Russia’s Samara University has said that its pioneer ultra-light optics for nanosatellites will be sent to space for testing, reports Sputnik.
According to the university, cheaper nanosatellites with compact optics make it possible to create large-scale orbital constellations from hundreds of such satellites to ensure monitoring of Earth in near real-time and quickly obtain an image of any spot on Earth’s surface without waiting for a large remote sensing satellite to fly over the right place.
Such information could be vital for a range of purposes, including tracking the spread of wildfires and floods or monitoring agricultural crops.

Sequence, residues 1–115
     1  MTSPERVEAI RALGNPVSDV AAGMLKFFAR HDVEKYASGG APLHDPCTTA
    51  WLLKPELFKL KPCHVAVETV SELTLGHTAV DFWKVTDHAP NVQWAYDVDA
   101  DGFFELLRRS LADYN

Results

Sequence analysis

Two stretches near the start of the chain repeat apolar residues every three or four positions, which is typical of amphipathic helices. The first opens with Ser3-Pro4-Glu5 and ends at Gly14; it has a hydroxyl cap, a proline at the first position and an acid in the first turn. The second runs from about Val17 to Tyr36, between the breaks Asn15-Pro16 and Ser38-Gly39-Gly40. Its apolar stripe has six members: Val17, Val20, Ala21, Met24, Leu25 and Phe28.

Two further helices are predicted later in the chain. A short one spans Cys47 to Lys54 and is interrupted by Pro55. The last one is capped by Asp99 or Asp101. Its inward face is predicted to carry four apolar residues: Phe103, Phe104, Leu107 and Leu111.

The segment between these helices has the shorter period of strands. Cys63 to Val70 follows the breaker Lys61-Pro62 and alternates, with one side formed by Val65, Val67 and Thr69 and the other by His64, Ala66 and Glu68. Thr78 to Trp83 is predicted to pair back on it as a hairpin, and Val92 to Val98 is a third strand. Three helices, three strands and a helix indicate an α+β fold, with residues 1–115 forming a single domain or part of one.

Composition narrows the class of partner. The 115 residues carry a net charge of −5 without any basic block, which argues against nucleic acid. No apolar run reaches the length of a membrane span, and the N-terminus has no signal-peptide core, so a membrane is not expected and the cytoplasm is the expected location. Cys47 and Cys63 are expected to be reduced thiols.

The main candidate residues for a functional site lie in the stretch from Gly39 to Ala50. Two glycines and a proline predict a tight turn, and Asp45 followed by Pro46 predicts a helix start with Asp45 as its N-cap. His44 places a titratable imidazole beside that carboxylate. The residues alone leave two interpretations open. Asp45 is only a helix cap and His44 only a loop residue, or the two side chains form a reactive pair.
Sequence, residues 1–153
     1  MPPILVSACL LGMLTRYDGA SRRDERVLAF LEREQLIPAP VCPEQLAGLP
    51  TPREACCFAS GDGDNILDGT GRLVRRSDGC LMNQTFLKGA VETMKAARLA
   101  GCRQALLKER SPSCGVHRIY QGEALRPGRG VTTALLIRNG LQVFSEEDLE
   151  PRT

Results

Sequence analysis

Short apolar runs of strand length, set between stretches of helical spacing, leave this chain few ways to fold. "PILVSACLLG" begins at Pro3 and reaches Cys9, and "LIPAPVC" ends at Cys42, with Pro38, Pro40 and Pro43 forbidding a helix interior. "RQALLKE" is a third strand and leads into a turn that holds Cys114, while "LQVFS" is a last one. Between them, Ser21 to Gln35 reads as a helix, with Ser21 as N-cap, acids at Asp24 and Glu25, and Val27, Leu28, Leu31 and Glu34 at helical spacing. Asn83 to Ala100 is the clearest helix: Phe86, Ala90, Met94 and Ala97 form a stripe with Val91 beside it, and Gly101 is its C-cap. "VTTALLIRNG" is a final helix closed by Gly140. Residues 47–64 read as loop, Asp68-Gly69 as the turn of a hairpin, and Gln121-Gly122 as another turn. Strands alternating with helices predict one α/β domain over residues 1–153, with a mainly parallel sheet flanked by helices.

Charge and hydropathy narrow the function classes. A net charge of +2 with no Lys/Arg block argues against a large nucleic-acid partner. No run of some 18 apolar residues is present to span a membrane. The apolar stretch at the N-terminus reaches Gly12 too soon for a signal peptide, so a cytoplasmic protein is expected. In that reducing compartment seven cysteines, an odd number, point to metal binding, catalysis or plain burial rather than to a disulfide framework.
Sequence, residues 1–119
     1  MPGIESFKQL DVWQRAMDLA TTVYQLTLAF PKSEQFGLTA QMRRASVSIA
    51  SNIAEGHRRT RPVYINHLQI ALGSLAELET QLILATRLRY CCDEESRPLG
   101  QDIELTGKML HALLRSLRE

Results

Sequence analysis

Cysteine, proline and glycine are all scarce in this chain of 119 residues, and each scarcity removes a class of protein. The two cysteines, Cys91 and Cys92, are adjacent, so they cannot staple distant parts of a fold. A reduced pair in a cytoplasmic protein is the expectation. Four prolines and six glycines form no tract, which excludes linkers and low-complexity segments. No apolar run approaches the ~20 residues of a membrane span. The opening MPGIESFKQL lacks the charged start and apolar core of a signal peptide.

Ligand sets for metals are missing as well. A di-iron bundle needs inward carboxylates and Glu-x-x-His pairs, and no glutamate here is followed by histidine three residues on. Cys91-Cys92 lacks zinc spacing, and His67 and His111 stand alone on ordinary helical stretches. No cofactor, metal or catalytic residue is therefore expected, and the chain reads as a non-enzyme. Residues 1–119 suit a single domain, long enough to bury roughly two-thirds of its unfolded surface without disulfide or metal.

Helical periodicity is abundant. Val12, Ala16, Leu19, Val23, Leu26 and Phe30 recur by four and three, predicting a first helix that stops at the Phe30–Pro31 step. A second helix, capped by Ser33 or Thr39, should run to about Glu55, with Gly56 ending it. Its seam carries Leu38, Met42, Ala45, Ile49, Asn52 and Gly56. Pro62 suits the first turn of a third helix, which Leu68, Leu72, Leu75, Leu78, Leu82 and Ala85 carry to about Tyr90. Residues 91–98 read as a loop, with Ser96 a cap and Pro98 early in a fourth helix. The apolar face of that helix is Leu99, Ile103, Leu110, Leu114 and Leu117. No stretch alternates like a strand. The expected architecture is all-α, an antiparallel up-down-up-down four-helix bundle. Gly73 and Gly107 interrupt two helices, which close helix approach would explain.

“Ultralight optical systems for remote sensing of Earth, developed by scientists of the Samara University named after [famed Soviet rocket engineer Sergei] Korolev, will be tested in space aboard Russian nanosatellites Cube SX-HSE and Cube SX Sirius HSE,” the university said.
The ultralight optical system for remote sensing of Earth is based on a flat diffraction lens developed by the university. The lens is capable of replacing the system of lenses and mirrors of modern telephoto lenses which is very lightweight.
Previously, optical systems based on diffraction lenses have not been used in space.
The space tests are expected to demonstrate the capabilities of such optical systems and identify areas for improving the technology. Incoming images from Cube SX-HSE and Cube SX Sirius HSE nanosatellites will be transmitted to Samara University for computer processing.